Almudena Carracedo and Robert Bahar are the Emmy-award winning filmmakers of Made in L.A. (MadeinLA.com), a feature documentary that tells the story of three immigrant women’s transformation as they fight for their rights in Los Angeles garment factories. Praised by The New York Times as “an excellent documentary… about basic human dignity,” the film won numerous awards including an Emmy. Made in L.A. screened internationally at 100 film festivals and was the subject of an innovative community engagement campaign that led to more than 600 community and faith-based screenings that reached 30,000 people directly, in addition to the nearly two million people who viewed it on television.
Both professors had prestigious careers prior to Made in L.A. and they are currently directing and producing The Silence of Others, a cinematic portrait of the first attempt in history to prosecute crimes of the Franco era in Spain, which has received support from the National Endowment for the Humanities, Sundance, ITVS and the Catapult Film Fund. They are also teaching a new course at NYU Madrid. Here they share their thoughts on teaching and filmmaking.
I understand you are teaching a new course at NYU Madrid. Can you tell us a bit about the course and why it’s exciting?
The course, which is called “Madrid Stories”, uses the process of making short documentary films to immerse students in researching, exploring and engaging with Madrid. We study Madrid as a city, we study documentary as a form, and we study documentary filmmaking skills. Students then apply what they are learning as they venture out into Madrid, in teams of two, to make their own short documentary films and, in the process, uncover new people, stories and places, and strive to represent Madrid in ways that may counterpose mainstream images.
This semester we’re running a short version of the course as a pilot. Students are creating short “City Symphony” films, a filmic subgenre that originated in the early days of cinema and that aims to capture the rhythm, dynamism and texture of a city or a neighborhood. In the Spring, we will run the full course, “Madrid Stories,” and students will make longer films that explore the city through stories of unique people and places.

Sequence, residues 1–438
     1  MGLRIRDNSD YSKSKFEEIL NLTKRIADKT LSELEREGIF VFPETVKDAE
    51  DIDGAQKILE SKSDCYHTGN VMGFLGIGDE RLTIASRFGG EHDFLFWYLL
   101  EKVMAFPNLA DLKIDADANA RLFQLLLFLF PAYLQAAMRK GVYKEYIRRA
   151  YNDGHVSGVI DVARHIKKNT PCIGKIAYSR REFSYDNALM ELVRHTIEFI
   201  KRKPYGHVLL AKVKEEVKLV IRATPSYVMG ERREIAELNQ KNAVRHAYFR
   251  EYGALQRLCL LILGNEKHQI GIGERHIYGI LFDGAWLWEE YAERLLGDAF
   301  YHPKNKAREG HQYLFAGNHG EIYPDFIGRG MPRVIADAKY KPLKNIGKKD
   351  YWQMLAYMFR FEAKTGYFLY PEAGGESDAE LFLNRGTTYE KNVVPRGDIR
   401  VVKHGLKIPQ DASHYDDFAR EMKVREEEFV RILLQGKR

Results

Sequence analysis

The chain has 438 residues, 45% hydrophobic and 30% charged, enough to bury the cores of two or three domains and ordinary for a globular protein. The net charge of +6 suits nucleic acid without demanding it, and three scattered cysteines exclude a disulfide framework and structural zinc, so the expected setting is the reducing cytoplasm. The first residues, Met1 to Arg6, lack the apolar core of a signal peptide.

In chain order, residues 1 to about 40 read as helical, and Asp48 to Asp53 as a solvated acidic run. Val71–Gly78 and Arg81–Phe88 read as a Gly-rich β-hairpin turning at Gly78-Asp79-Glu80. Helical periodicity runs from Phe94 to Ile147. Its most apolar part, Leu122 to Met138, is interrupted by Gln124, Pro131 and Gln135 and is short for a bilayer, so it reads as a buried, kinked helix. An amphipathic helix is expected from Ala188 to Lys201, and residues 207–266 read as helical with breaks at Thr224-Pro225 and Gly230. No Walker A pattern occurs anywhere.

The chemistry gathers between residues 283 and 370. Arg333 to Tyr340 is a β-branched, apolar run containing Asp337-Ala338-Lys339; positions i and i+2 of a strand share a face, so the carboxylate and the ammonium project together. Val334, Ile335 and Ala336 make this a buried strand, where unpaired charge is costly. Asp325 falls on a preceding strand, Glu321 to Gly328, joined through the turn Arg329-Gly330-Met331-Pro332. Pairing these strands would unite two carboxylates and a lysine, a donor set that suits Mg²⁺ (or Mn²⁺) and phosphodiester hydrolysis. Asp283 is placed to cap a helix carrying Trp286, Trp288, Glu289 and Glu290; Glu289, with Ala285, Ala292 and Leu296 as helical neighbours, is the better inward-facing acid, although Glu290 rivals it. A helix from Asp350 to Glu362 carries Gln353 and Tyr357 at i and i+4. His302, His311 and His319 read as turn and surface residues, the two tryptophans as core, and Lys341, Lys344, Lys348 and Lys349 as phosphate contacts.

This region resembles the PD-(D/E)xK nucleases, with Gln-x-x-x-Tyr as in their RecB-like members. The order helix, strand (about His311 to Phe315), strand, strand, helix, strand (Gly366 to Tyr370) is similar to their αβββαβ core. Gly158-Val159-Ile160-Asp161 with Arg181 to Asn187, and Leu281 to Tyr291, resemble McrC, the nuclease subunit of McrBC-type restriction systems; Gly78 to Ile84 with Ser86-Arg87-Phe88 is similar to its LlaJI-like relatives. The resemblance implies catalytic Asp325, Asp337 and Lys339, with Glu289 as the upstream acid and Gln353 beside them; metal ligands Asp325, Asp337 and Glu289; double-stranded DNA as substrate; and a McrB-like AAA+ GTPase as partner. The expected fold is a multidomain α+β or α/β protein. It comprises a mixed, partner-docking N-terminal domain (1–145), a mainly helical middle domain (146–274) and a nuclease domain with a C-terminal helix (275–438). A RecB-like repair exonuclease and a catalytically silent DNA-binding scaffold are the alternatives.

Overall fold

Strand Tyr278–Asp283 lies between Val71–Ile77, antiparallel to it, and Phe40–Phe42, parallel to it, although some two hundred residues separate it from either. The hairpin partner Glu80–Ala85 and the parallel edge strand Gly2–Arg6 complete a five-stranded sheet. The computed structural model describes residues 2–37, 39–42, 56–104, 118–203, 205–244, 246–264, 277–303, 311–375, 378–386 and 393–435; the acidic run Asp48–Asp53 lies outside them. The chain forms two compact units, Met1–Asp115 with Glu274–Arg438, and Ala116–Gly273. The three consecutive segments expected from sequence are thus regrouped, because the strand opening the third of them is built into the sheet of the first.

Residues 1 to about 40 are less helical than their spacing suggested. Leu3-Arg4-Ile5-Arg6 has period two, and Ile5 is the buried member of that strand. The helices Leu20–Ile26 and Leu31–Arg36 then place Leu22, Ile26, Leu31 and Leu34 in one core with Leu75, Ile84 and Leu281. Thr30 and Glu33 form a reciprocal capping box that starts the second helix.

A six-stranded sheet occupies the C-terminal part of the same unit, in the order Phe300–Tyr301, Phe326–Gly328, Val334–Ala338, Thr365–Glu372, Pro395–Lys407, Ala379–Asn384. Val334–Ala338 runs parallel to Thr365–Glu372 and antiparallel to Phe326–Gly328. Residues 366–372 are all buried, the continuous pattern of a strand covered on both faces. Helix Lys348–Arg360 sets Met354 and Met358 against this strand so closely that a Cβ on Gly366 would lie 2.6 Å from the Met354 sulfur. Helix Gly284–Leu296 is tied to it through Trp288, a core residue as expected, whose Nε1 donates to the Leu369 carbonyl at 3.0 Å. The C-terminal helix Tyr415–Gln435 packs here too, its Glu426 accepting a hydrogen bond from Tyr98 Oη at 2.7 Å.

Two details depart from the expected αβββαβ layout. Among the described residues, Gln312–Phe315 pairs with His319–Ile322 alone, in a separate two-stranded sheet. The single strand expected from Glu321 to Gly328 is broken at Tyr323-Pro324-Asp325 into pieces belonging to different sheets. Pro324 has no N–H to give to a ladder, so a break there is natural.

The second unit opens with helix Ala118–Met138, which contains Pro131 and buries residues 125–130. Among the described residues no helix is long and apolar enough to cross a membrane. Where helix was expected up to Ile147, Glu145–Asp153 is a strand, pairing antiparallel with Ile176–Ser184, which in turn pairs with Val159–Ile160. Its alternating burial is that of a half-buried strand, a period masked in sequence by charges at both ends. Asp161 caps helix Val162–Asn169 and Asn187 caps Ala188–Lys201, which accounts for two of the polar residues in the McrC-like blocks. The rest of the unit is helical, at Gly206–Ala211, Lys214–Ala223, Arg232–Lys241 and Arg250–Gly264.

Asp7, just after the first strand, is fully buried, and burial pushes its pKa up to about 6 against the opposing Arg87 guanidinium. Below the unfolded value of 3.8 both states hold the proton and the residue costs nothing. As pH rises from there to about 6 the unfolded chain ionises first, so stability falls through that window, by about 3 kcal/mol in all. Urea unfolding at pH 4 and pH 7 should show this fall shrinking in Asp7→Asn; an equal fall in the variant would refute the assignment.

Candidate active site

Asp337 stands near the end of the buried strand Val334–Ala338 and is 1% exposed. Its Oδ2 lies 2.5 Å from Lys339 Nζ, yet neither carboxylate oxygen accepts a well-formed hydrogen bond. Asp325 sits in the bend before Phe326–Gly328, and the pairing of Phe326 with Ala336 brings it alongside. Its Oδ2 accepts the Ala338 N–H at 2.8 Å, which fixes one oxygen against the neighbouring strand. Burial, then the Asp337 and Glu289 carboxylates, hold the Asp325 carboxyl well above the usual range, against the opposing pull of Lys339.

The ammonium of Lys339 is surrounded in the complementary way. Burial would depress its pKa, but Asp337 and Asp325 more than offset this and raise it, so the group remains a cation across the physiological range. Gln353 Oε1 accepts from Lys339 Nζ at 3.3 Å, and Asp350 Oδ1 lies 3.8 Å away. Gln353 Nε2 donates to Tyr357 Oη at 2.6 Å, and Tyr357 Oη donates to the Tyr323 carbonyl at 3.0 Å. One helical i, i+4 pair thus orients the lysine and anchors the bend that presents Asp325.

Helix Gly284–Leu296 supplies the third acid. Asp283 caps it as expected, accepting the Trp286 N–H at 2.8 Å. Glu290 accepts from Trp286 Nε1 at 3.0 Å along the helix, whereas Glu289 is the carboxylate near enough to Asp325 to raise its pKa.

It’s important to point out that this is not just a film production course. Students must investigate their subjects, write a well-researched proposal, and reflect upon and analyze their films and their experiences in a final paper. There are cultural readings about Madrid, as well as readings and discussions to help students develop their own creative voices and to explore issues of authorship, representation and construction in documentary film. It’s thus an opportunity to think critically about Madrid and about the creative process itself.
Even in the early days of this pilot, it’s thrilling to see the students so passionate about their subjects, and so deeply engaged with them by way of the filmmaking process. The “workshop” environment in the classroom is electric, and it’s exciting to see students sharing ideas and footage with their peers, and providing really valuable feedback on each other’s work.
In a month, this semester’s students will complete their films and we’ll have a festive screening where they will present their films to the NYU Madrid community and beyond, and each do a Q & A. Sharing your work with an audience for the first time can be nerve-wracking but also magical, and there’s already much excitement in the air!
NYU Madrid students Elizabeth Cortez and Olivia Valdez filming a scene with Professor Almudena Carracedo.
What are the academic backgrounds of your students?
The course has no prerequisites, and thus we are able to welcome a diverse group of students, which this semester includes students from Business, Communications, Political Science, Film, Television, Theater and individualized majors.